Investigating why Russian people sniff bread while drinking vodka offers a portal into the realities of Russian life at a time when sympathetic cultural insight is sorely lacking.
“Somebody in Bristol started making a vodka called Novichok,” said our host, Natasha Ward, faux-scandalised at the reference to the toxic nerve agent. “And they were immediately told, ‘Stop it at once!’” She laughed as she finished setting the table for the day’s gathering in her home in South London, introducing the dishes as one might introduce guests at a party. “We start with herring, salted, not pickled – English people hate beetroot because they’ve only ever met it in this horrible vinegar, and those rollmop herrings that look like corpses, you know?”
Ward is a master of moving between cultures. She’s half-Russian, half-English, and has worked as an interpreter for such diverse parties as the United Nations, Angelina Jolie and Mikhail Gorbachev. Today’s task – explaining exactly why Russian people might sniff bread while drinking vodka – may not be quite so starry, but it does offer a portal into the realities of Russian life at a time when sympathetic cultural insight is sorely lacking.
To armchair observers, relations between Russia and the West currently seem cartoonishly chilly; there was more than a touch of Cold War frost to recent news reports about the Russian and American withdrawal from a nuclear weapons treaty, the Salisbury nerve agent poisonings in the UK and, of course, the 2018 World Cup in Russia.
“We were happy when the Russian football team finally lost,” said Anna Ivanov, while her husband Misha shrugged. Anna and Misha are the parents of Ward’s best friend, Helena Bayliss, and the couple moved here from Russia 20 years ago when their daughter married an Englishman. “When the team were winning, there was so much hot air in everything the media said. The mouth didn’t shut for a moment!”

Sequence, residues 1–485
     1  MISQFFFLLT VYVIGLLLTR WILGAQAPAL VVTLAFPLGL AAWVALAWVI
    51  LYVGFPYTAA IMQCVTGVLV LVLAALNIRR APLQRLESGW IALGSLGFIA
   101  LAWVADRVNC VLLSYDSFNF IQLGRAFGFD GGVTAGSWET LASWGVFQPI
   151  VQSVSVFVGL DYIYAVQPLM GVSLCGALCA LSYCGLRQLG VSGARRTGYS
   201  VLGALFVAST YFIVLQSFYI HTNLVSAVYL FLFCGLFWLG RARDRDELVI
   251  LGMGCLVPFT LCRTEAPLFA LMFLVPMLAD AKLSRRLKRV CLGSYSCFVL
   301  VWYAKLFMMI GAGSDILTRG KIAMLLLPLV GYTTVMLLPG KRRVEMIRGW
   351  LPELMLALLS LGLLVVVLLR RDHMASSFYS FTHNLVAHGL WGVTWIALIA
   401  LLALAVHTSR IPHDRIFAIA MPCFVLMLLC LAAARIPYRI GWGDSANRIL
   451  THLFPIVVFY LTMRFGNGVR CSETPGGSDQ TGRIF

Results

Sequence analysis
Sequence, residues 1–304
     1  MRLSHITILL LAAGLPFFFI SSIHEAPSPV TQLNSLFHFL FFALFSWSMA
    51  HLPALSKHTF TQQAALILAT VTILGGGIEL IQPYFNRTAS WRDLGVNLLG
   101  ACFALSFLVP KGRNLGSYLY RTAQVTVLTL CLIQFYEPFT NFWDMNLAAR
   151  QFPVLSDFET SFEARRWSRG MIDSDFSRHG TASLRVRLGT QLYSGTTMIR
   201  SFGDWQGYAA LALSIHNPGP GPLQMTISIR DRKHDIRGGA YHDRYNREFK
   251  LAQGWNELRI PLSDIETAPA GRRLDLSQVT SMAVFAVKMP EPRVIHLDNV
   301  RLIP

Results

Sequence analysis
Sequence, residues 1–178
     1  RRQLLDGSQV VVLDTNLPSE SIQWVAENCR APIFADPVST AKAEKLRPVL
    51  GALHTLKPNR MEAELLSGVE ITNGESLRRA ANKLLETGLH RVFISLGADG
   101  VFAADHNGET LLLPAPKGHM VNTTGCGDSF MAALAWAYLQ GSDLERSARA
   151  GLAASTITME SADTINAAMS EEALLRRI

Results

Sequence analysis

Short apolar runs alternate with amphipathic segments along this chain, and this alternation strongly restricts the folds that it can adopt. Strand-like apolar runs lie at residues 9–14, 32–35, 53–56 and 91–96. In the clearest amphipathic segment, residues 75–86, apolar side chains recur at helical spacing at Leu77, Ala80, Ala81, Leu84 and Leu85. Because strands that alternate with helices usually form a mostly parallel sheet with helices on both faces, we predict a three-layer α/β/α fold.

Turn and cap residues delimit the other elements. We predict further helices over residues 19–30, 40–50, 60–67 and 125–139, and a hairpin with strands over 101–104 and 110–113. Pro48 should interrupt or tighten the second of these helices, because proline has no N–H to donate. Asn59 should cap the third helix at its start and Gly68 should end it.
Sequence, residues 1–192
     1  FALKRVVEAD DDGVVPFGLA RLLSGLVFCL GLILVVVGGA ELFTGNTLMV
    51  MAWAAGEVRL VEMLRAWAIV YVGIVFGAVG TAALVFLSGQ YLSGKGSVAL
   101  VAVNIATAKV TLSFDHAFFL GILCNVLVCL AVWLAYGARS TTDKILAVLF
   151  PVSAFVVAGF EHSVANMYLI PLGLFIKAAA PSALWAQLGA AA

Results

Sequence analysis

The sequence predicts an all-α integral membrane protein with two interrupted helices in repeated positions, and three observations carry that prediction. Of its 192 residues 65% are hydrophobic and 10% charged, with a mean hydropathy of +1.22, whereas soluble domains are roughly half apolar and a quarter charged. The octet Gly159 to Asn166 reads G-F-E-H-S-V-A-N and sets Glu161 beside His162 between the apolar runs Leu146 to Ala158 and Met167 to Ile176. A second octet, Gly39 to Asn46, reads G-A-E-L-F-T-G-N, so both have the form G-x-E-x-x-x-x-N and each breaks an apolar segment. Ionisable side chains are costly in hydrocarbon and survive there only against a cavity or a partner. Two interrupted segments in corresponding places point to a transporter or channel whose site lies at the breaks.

“Now,” Ward said, “which vodka shall we start with?”
The choice was impressive, as it should be. Russia, after all, is the birthplace of the chemist Dmitri Mendeleev, who created the Periodic Table and is also said to have perfected the recipe for vodka as strictly 40% proof (a popular myth but a fun story). Accordingly, Ward offered fiery pertsovka vodka made with chillies, plain Russian vodka, vodka made in Newfoundland as part of a new venture by Hollywood actor Dan Aykroyd and homemade limonaya (lemon) vodka. “This is actually medical alcohol which is 95% proof,” said Ward matter-of-factly, “which you then water down, half and half, and add lemon.” Moonshine, in other words? “No, if it was moonshine we’d have to have a still.” Bayliss started laughing. “Natasha, you disappoint!”
Our little company was assembled for two reasons: firstly, to have a convivial time; and secondly, to get the bottom of the Russian vodka ritual – a time-honoured tradition that has social drinkers sniffing bread in the name of propriety.
To begin, both the vodka and the glasses were retrieved from the freezer, and Bayliss outlined the essentials for drinking vodka, Russian-style. “Vodka should be cold, glass should be tiny and there must be something salty, or rye bread, to follow,” she said. “There’s no point in drinking vodka and following it with an eclair, it doesn’t work”. “Or,” added Ward, “God forbid, following it with nothing!”